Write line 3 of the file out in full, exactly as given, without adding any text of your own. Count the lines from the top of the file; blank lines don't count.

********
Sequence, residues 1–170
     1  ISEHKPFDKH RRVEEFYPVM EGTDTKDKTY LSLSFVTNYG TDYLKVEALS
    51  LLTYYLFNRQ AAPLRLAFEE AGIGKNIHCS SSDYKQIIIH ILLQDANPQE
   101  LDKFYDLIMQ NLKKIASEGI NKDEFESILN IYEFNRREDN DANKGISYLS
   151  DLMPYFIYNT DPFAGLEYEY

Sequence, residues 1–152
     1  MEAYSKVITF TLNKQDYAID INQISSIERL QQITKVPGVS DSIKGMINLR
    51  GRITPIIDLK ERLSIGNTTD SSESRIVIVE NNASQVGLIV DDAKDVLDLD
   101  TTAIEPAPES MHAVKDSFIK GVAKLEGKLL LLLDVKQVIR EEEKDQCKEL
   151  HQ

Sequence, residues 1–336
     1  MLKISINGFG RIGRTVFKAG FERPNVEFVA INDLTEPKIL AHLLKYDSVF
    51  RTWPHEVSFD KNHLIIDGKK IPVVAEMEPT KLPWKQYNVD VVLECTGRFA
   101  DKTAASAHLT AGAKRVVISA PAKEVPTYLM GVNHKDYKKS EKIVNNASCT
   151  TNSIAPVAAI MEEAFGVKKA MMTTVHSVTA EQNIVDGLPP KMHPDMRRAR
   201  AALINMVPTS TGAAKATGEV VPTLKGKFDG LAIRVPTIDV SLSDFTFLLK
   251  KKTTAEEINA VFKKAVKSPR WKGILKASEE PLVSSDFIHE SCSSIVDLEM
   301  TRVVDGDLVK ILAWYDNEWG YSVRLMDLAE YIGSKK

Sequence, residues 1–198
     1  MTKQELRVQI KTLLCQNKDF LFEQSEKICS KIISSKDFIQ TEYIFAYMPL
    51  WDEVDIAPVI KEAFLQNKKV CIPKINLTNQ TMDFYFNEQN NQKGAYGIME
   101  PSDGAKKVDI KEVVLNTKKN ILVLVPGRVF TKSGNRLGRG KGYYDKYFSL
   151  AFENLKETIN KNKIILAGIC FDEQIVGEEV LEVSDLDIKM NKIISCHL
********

    51  LLTYYLFNRQ AAPLRLAFEE AGIGKNIHCS SSDYKQIIIH ILLQDANPQE